It’s For The Birds
HiFiBerry in Academia
By Tim Gentner, Ph.D
Professor, UCSD Department of Psychology
Director, Neurosciences Graduate Program
Credit: Photos by Brad Theilman
In the Gentner lab at UC San Diego, we use songbirds to study auditory perception and understand aspects of how humans process language. Often times this involves training songbirds to recognize patterns that we’ve hidden in their natural songs.
Our work yields important insights into how complex communication signals are learned, remembered and used. This knowledge can lead to better diagnoses and treatments for speech and language processing disorders like dyslexia, development of speech prostheses, and engineering advances in speech recognition and language processing.
The birds live in specialized cages, called operant boxes. These boxes work kind of like a really simple three-button keyboard, and with them we can ask the birds different kinds of questions.
Their answers to these questions tell us what they know about the songs they hear, the kinds of patterns they can attend to, and the properties of the acoustic signals that they use to do things like recognize one another and choose who they’ll mate with.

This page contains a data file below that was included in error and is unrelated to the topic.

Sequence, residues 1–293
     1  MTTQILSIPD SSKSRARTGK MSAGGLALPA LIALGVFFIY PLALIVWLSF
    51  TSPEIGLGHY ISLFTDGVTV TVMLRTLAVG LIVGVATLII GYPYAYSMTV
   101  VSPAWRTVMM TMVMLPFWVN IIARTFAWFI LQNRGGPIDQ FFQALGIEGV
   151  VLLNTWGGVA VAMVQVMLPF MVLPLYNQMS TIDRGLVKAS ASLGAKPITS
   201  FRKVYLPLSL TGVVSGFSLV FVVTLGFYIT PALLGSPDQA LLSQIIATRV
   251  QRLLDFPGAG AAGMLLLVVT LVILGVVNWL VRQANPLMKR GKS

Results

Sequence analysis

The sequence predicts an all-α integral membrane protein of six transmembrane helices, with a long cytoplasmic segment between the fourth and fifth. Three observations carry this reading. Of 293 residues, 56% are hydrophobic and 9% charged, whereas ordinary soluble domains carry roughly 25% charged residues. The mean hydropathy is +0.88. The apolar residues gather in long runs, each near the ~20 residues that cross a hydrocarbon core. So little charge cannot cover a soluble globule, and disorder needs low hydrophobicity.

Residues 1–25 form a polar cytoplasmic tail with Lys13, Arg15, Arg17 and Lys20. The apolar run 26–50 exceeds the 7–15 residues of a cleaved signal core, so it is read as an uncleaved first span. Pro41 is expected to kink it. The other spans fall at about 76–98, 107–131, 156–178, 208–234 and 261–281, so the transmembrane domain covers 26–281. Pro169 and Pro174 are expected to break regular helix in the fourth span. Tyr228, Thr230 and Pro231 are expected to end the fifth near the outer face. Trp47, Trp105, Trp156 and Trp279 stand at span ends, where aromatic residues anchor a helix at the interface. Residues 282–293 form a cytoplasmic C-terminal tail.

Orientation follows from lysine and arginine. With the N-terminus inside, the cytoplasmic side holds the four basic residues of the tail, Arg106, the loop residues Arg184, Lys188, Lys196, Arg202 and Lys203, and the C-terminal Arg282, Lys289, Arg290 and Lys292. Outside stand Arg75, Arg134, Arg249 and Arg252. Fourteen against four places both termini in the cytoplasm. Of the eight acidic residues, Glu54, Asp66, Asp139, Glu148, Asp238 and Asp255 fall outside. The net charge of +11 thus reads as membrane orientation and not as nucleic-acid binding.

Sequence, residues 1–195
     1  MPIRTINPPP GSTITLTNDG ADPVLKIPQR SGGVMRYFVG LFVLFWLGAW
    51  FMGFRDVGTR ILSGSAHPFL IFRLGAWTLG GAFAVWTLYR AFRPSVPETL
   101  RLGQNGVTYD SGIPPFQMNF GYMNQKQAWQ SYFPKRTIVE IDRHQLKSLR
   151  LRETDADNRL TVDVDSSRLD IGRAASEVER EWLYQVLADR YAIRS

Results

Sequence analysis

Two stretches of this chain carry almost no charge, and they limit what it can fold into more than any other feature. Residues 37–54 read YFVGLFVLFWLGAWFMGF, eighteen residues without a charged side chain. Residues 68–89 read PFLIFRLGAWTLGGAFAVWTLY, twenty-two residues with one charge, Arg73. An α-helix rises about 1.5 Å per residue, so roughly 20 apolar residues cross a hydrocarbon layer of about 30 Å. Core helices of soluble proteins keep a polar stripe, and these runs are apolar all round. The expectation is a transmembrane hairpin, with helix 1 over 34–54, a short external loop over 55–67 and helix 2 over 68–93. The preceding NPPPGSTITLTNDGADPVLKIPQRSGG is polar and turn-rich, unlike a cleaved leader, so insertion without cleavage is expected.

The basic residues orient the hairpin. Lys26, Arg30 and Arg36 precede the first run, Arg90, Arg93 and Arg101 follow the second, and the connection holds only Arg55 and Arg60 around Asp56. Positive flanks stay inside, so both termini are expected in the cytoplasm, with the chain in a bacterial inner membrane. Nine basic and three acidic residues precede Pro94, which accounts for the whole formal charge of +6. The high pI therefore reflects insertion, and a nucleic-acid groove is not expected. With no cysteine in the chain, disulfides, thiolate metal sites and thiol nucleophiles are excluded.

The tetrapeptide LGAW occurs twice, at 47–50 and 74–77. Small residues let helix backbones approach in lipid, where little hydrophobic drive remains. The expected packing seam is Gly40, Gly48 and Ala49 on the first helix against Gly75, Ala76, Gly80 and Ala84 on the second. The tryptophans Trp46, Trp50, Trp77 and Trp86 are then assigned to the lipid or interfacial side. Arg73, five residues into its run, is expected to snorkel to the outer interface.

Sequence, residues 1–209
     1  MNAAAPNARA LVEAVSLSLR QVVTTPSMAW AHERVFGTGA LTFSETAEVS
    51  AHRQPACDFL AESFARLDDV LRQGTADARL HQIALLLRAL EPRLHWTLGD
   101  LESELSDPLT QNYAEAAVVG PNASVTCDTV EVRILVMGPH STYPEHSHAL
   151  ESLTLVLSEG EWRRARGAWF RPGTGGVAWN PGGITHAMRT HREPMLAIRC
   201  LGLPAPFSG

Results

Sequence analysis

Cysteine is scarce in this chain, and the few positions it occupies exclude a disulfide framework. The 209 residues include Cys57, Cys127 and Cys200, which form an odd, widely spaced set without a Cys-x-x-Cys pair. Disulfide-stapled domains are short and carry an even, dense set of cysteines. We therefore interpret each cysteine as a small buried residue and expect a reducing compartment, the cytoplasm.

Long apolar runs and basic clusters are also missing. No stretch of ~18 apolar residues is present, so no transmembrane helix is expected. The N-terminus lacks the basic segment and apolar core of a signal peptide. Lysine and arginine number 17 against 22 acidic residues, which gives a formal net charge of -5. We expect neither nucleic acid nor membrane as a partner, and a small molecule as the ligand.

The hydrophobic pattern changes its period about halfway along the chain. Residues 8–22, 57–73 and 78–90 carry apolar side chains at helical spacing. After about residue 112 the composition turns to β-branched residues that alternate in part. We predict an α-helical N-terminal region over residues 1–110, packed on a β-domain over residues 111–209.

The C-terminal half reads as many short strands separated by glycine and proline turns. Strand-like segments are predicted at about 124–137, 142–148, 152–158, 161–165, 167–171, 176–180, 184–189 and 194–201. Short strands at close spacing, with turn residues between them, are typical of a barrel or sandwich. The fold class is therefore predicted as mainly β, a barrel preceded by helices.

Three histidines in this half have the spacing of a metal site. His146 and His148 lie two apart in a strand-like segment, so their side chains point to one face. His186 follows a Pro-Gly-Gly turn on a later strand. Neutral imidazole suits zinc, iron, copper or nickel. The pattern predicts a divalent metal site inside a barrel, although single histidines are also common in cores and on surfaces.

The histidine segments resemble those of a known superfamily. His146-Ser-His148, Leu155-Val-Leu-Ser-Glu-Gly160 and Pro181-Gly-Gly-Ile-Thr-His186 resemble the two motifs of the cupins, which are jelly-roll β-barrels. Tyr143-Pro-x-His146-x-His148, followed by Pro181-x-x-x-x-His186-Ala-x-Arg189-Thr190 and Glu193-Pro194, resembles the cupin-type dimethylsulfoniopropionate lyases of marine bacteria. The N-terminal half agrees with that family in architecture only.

To control the operant boxes, we designed a custom interface based on the HiFiBerry Amp2 and the Raspberry Pi 3B+. The interface runs a custom Python package called “PyOperant” that uses the GPIOs on the Raspberry Pi to read responses from the peck ports (the buttons on “keyboard”) and dispense food when they answer a question correctly.
It even controls the house lights, turning them on and off in sync with local sunrise and sunset times. The HiFiBerry board is crucial to the whole system, since it serves as both a DAC and amplifier to drive the speakers that play sounds in the operant boxes.
We needed the high fidelity of the AMP2 in order to faithfully reproduce the bird sounds we use in our experiments, which can contain very high frequencies. The compactness of the AMP2 is also crucial so that the entire system can be self-contained.
The audio output of the AMP2 is additionally channeled to an interface with the hardware that we use to actually record the activity of the neurons in the bird’s brain while the bird is listening to the stimuli. That way, we have a simultaneous record of the auditory input the bird is receiving, as well as what is going on in the bird’s brain.
Using that information, we try to understand how patterns of activity in the bird’s brain correspond to the different patterns of sound that the birds hear. Then, we can use these conclusions to make hypotheses about how our brains process the patterns of sounds that we hear, for example, during a conversation.
Our work provides fascinating insights into some hard problems in neuroscience, opens up many possibilities for improving lives and understanding our world, and HiFiBerry gear is at the center of the whole process.